Get an early start

Your plan won’t be effective if you create it during a crisis. Plan in advance, so everyone can approach the strategizing unrushed and with a clear head.


Finding Coverage for the Latest E-mail Scams


As CYBER scams and hacker attacks grow, the insurance industry has been frantically trying to keep up in providing appropriate coverage for these events. Hacks, viruses, ransomware and exposure of sensitive personal information of your customers or employees, and any resulting regulatory implications, are often covered by cyber liability insurance. But what about the recent trend of criminals spoofing a company executive’s e-mail address, posing as them and ordering accounts payable to cut a check and send it to the fraudsters?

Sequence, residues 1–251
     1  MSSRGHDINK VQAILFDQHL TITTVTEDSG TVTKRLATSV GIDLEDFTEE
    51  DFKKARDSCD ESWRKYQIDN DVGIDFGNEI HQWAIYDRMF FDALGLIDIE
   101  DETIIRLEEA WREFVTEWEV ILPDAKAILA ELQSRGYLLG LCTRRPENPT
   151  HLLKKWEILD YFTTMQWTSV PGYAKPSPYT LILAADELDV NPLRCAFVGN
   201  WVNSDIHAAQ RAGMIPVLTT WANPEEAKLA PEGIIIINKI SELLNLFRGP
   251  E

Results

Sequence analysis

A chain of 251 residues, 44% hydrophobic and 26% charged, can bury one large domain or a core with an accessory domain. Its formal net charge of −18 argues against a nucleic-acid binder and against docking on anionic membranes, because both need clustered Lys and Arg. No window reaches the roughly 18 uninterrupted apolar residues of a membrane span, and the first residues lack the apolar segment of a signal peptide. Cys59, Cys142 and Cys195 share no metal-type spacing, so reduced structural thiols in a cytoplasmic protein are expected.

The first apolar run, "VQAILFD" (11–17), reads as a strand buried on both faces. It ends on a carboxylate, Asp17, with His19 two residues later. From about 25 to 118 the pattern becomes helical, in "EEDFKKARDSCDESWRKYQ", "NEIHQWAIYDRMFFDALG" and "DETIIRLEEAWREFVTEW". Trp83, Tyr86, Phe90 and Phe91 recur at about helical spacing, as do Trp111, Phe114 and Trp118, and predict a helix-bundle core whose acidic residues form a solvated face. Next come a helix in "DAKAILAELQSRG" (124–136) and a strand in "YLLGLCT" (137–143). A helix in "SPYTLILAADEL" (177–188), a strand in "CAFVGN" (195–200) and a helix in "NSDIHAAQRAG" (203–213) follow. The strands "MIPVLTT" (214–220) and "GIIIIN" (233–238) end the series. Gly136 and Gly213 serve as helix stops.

Well, two firms suffered similar incidents, but different federal appeals courts issued opposite opinions – one saying that a crime insurance policy covered the event, while the other court said it didn’t. The fact that two courts came out with two different rulings illustrates how many traditional and even cyber policies are slow to keep up with evolving hi-tech threats to businesses. The devil is always in the details, so read your policies and discuss your concerns with us.

The number of business e-mail compromise scams quadrupled in 2017, and losses averaged $352,000 per business and topped out at $3 million, according to an analysis of insurer Beazley’s clients. The FBI says these schemes are one of the fastest-growing cybercrimes.

Court case one: Covered

Employees of Medidata, a clinical-trial software firm, wired $4.7 million for what they thought was for an acquisition by their employer. They were sent a series of fraudulent e-mails that they thought were from their company president and the firm’s outside lawyer.

The company didn’t have a cyber insurance policy, but it had an executive protection policy, which had a crime section that included coverage for computer fraud, funds transfer fraud and